'It's getting way out of hand.'
Teen arrests end town's crime spree
KANGIQSUJUAQ – A spree of thefts that hit practically every store in Kangiqsujuaq two weekends ago has ended with the arrest of two 15-year-olds, who now face charges of breaking and entering and possession of stolen property.
Chips and pop were nabbed from a corner store, a window was smashed at the Northern store, electronics were stolen from the youth centre and at the co-op store vandals attempted to bore into the building through a brick wall.
"It's been getting ridiculous now for the past two years," said Bernie Adams, retail manager at the co-op store, where youths also broke in last January. "It's getting way out of hand."
The teens are awaiting the arrival of the travelling court, which is due in town early next month.
But residents like Adams want more effort to be focused on stemming what has become a growing tide of vandalism and burglaries committed by minors.
"We can not only rely on services like the court and youth protection," said Mary Pilurtuut, the mayor of Kangiqsujuaq. "It's a community issue, everyone needs to do something."
At the co-op store, where locks had been improved after January's break-in (when wannabe thieves used a hacksaw and screwdriver to take apart the doorknob), burglars chose a more indirect entrance this time, Adams said – tunnelling through the store's outer wall.
They bludgeoned their way past a layer of exterior bricks and gouged holes though the foam and wood beneath, but were stopped by a metal plate. It appears that nothing was taken from the store, said police, but the outside was laced with graffiti.
At the Northern store, a window was broken but locks held. Security has been heightened here, too, after break-ins earlier in the year. In the spring a group of kids, the oldest 13, stole cookies and pop from the storage shed, said John Wilkinson, manager of the Northern store.
Wilkinson banned the kids responsible from entering the store. They pleaded with him to be allowed in but respected the ban. On one occasion Wilkinson let a youth in under the supervision of his mother to buy a jacket.
"Even those kids who break in, they're nice and respectful," Wilkinson said, somewhat at a loss as to what leads to the late night youth rampages.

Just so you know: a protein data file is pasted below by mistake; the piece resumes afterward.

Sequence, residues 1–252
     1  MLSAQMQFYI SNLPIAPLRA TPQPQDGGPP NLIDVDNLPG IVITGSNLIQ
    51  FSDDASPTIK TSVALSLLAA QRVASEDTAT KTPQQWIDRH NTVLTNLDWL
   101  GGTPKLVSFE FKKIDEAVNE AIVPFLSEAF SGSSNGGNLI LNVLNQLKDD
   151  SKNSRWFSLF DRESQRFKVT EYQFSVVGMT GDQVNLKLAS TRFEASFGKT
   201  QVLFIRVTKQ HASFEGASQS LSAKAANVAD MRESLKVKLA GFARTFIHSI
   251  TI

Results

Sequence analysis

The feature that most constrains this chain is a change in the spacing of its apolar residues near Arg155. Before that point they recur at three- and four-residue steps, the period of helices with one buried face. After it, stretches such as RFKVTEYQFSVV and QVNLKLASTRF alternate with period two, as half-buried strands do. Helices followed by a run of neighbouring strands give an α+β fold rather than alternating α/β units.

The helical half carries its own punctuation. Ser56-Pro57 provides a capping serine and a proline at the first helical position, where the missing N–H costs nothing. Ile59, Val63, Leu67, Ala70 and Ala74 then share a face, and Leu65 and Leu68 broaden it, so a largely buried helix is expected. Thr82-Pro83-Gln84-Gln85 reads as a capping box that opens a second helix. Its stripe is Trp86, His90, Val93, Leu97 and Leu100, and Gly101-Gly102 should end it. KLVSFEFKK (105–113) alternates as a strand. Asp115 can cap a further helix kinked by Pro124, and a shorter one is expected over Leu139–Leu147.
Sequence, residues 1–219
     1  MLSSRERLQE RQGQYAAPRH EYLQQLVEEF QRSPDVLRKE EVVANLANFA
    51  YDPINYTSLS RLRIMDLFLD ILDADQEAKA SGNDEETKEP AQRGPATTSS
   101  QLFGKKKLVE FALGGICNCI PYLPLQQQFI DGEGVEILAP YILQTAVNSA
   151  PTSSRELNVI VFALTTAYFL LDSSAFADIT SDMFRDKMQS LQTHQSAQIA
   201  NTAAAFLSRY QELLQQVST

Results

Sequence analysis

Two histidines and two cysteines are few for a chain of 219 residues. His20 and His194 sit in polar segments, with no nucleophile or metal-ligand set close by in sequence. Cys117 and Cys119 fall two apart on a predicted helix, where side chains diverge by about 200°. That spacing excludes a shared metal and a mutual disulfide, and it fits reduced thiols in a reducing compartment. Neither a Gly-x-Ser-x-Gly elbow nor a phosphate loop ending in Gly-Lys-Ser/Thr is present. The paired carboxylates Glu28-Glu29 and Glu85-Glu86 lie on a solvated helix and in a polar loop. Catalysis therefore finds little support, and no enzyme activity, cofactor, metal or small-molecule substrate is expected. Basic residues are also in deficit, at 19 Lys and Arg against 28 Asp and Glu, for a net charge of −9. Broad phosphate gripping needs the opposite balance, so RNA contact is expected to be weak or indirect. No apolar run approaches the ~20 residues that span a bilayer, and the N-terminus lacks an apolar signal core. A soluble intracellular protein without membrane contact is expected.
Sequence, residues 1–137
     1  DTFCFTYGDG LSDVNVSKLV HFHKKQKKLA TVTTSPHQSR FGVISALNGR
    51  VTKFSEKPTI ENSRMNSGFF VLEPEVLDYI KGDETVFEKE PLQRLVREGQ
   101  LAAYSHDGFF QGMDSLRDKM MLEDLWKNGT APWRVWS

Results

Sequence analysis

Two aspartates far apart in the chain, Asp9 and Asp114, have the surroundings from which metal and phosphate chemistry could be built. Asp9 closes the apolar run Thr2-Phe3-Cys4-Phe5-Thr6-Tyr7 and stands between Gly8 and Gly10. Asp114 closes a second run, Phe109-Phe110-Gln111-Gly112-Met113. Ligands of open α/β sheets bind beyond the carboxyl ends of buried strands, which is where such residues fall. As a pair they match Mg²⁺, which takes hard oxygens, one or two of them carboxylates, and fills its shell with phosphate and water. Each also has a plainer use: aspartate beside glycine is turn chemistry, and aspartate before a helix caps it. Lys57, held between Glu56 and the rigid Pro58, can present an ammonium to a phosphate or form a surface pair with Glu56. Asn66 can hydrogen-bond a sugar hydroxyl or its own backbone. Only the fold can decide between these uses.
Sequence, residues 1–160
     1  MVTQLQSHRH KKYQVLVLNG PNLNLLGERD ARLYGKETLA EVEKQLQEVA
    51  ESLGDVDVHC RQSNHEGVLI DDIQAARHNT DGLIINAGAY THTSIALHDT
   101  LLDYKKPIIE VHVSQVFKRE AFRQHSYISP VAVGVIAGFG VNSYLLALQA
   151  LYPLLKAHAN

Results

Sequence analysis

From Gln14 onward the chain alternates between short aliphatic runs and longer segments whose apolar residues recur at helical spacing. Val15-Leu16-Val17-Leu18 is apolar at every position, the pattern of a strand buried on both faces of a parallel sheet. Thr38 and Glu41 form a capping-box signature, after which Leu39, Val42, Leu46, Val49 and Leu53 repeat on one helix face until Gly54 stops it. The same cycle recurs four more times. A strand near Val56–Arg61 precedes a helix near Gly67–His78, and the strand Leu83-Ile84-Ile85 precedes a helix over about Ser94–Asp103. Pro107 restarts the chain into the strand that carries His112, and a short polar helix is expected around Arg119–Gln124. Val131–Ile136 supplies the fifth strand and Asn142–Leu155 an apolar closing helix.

His wife and co-manager, Debbie, recently flew south to seek medical attention because of a heart condition, caused by the stress of the break-ins and the difficulty of maintaining a workforce. In order to be closer to medical facilities, the couple is transferring to a store near James Bay.
The Wilkinsons are not the only store owners fed up with the continual crimes. Frustrated by the most recent burglary and angered by what he sees as a lack of action, Adams threatened co-op directors that he would quit his post.
Adams is particularly enraged by the wanton vandalism. Three weeks ago while he was in Montreal, thieves stole his new Honda all-terrain vehicle, which he valued at $16,000, and pushed it down a steep hill.
The culprits were never caught and the machine now rests beside his home, mangled and unusable, the computer, rims, rail and headlights all in need of repair.
"That's a brand new Honda," said Adams. "I have a wife and seven children."
Pilurtuut agreed more should be done to control the rambunctious youth. She complained of the long delays between the commission of crimes and when court comes to town to mete out punishment, often prolonged further by foul weather and schedule changes.
"It's a problem," said Kativik Regional Police Force Captain Tony Paquet. "The court is scheduled to come as much as they can, but there are 14 communities to look after. They obviously can't be everywhere at the same time."
Town officials are considering alternative approaches to instill good values in kids.
A program begun by the municipality two years ago offers teens the chance to go out on the land with an experienced hunter. The program is open to all teenagers but is particularly aimed at youths with behaviour, drug and alcohol problems, said Pilurtuut.
So far about a dozen youths have participated in the program.
"Breaking and entering is a problem," said Pilurtuut. "We try to deal with it the way we know how."